Recently I was reading an article and ran across the statement that Hillary Clinton had failed the District of Columbia bar exam when she took it back in the ’70s. I was startled because it was something I’d never heard about her background, so I actually did a search to check on whether the statement was true.
It was. In the summer of 1973, Hillary Rodham took the D.C. bar exam. 817 people took the exam, and she was one of the 261 who did not pass. She also took, and passed, the Arkansas bar exam, so rather than stay in Washington, D.C. she moved to Arkansas, where she and Bill Clinton later were married. According to the link above, she kept the D.C. bar exam result a secret from her friends until she made a reference to it in her autobiography, Living History.
I mention Hillary Clinton’s bar exam failure not to bash her for something that happened more than 40 years ago — lots of famous and accomplished lawyers and politicians have encountered an initial failure at the hands of the bar exam — but simply to note how selective the reporting on political figures can be. Story lines somehow get set, and facts that are inconsistent never get mentioned. Hillary Clinton is portrayed as a brilliant law student at Yale who worked on one of the congressional Watergate committees, then went on to achieve great success with the Rose law firm in Arkansas before Bill Clinton was elected President. Her failure on the D.C. bar exam is a clinker in that story line of unbroken accomplishment and gets discarded. Do you think a failure on the bar exam by, say, a politician like George W. Bush would be overlooked — or that we would hear about it, over and over, as evidence in support of the narrative that he wasn’t really very smart?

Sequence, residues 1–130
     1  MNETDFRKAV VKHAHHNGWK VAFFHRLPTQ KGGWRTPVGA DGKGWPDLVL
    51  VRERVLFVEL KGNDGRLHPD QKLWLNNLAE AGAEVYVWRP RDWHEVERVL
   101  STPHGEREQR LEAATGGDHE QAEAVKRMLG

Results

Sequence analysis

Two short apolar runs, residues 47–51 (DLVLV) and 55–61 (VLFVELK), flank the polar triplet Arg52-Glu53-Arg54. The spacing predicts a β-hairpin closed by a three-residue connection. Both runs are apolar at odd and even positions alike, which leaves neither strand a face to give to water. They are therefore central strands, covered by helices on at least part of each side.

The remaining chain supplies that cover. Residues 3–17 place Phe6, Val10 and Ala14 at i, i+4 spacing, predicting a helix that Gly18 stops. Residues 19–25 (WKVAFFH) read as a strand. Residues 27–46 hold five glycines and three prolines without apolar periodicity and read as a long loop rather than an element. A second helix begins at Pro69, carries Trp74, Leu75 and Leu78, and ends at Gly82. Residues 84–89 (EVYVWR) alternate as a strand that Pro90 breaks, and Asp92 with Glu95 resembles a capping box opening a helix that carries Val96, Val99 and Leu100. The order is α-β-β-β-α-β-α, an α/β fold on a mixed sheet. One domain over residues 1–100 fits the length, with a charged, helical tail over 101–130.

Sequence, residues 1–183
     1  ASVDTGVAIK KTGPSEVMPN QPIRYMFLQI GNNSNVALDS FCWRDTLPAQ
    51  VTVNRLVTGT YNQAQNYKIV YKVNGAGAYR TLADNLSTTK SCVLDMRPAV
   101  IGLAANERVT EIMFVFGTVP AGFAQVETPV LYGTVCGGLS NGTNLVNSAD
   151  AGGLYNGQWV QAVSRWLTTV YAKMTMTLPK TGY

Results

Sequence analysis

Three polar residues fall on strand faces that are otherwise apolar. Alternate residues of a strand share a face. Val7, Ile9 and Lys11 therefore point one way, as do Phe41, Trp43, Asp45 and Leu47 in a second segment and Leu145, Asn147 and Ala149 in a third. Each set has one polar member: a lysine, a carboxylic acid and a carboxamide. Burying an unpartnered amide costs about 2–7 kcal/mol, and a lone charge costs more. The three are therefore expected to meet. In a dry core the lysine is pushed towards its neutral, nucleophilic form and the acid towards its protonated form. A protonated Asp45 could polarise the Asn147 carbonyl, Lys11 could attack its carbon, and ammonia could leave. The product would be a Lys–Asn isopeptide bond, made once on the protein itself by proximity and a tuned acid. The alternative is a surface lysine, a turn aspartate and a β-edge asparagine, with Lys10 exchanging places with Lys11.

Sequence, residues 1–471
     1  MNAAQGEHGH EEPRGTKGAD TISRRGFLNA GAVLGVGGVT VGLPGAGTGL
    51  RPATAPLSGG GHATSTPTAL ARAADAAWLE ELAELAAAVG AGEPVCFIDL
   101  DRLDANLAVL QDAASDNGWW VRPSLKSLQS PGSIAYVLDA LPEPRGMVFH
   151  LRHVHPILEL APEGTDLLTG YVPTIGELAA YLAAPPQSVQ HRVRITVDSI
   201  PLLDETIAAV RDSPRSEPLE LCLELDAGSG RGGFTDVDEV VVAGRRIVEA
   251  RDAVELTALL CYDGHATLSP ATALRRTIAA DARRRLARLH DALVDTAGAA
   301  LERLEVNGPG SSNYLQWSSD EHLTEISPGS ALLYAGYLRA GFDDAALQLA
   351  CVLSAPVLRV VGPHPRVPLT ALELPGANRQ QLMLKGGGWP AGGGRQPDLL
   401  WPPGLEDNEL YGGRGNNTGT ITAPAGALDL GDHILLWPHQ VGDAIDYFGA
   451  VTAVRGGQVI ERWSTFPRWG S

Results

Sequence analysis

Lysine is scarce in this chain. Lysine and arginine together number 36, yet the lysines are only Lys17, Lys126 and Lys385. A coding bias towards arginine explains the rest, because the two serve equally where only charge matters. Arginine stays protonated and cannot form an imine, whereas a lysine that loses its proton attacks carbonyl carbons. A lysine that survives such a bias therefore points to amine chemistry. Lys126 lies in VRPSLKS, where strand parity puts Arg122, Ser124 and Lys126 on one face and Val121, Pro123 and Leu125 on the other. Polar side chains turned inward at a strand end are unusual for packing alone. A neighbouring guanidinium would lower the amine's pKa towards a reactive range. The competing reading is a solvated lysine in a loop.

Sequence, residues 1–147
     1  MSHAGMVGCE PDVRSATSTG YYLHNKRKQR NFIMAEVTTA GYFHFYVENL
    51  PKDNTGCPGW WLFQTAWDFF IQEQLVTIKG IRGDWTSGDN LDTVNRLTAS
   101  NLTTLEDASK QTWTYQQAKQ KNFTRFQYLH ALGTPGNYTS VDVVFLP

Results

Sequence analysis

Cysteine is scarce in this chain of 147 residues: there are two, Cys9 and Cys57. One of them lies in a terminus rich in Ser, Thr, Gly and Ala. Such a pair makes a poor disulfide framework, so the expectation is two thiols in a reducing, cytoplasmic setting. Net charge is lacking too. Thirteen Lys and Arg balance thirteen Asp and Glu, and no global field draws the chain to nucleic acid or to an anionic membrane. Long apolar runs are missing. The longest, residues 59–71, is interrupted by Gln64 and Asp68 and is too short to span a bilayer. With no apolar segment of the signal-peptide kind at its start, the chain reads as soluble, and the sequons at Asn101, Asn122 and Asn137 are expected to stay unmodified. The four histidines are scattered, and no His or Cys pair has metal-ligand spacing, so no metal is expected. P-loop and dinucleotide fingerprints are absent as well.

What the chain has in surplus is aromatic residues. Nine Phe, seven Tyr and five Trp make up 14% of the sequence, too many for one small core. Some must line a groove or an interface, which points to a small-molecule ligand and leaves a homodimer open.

This reality is a significant failing by the news media and the punditocracy, and it does a disservice both to political candidates — whether they have a positive narrative or a negative one — and to the public. It assumes that the general population can’t really sift through the good and bad of a public figure’s life and reach a fair judgment about them, so facts get edited and blemishes get removed until the story line leads inexorably to one conclusion. We’re told, over and over, that someone is a genius or an idiot — and then, when contrary facts are disclosed, it comes as a shock. I’d much rather get the facts, good and bad and in-between, and come to my own conclusion. And by the way, stories where people overcome some adversity tend to be much richer and more interesting than airbrushed sagas of ever-increasing triumphs. Take Lincoln, for example.